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Eur J Clin Invest. 2012 May;42(5):463-9. doi: 10.1111/j.1365-2362.2011.02601.x. Epub 2011 Sep 23.

Plasma myeloperoxidase level and peripheral arterial disease.

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1
Department of Laboratory Medicine, Medical University Vienna, Vienna, Austria.

Abstract

BACKGROUND:

Myeloperoxidase (MPO) is involved in a multitude of inflammatory processes involving oxidative modification of soluble components and cellular surfaces. Thus, MPO plays a key role in promoting atherosclerosis via oxidative stress by modification of both high- and low-density lipoprotein and production of other bioactive molecules. A polymorphism (MPO 463G>A, rs2333227) results in different expression rates of MPO. We aimed to assess whether MPO could be of clinical use as a risk marker for vascular disease in a high-risk group.

MATERIAL AND METHODS:

Plasma MPO levels of 406 patients suffering from peripheral arterial disease (PAD) were measured on an Abbott Architect i2000sr and grouped into patients with high (>115 ng/mL) and low (< 115 ng/mL) MPO levels. Genotyping of rs2333227 was performed on an ABI TaqMan 7900HT RT-PCR thermocycler.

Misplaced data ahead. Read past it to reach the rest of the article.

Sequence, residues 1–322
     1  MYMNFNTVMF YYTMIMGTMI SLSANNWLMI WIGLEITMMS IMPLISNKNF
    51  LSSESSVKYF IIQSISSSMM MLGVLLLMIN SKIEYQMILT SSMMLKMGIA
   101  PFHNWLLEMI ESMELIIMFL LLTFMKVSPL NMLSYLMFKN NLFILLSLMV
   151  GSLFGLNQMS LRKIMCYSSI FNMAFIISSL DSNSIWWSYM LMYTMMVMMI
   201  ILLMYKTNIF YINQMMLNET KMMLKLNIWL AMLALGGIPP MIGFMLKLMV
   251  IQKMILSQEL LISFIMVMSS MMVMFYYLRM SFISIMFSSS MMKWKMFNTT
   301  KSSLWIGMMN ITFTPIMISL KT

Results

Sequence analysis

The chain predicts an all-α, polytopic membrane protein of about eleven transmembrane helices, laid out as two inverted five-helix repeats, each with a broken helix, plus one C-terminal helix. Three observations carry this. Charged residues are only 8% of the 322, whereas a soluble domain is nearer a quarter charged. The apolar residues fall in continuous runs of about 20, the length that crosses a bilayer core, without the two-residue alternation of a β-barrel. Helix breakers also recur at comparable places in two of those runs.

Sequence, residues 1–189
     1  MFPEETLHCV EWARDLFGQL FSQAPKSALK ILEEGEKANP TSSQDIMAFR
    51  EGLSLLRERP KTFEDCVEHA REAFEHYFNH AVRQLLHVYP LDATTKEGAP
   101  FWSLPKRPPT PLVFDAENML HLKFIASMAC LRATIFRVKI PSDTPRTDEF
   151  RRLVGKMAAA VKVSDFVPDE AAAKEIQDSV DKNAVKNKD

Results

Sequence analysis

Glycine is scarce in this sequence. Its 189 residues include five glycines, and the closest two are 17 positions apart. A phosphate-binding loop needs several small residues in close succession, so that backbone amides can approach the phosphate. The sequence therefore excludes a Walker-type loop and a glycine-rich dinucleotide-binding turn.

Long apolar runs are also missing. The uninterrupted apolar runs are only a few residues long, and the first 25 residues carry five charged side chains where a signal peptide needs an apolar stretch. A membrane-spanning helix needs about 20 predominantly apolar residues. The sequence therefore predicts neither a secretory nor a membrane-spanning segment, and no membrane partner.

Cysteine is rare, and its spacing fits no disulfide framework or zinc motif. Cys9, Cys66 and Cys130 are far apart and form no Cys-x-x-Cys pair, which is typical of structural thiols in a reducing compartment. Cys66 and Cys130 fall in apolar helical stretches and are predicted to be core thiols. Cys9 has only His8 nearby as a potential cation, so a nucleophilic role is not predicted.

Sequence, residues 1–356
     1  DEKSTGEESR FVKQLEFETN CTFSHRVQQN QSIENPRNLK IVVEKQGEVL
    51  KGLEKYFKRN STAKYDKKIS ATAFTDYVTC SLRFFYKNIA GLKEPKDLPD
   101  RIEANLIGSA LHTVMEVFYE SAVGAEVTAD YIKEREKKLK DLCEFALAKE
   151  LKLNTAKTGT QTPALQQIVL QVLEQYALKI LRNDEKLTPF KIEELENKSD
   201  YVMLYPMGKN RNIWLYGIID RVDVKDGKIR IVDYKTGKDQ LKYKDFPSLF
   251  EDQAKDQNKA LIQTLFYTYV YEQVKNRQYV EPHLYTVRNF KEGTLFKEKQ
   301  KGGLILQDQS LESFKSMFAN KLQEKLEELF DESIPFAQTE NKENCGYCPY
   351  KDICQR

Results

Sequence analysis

RESULTS:

The relative risk of major adverse cardiovascular events (MACE) for patients with high plasma MPO is 1.2 (95%CI: 1.038-1.377, P < 0.05), initial event-free periods in male patients are significantly longer in patients with MPO <115 ng/mL (mean = 875 days compared with mean = 734 days, P < 0.05) In smokers, an increased hazard ratio was computed for patients with high MPO levels (HR = 3.127, 95%CI: 1.258-7.772, P < 0.05). Effects of MPO [-463A] allele on initial MACE-free intervals did not persist after multivariate analysis.

CONCLUSIONS:

Hence, we suggest consideration of plasma MPO for risk stratification of MACE in patients with PAD. In contrast, MPO-463G>A is not an independent risk factor for MACE in patients suffering from PAD.

[Indexed for MEDLINE]

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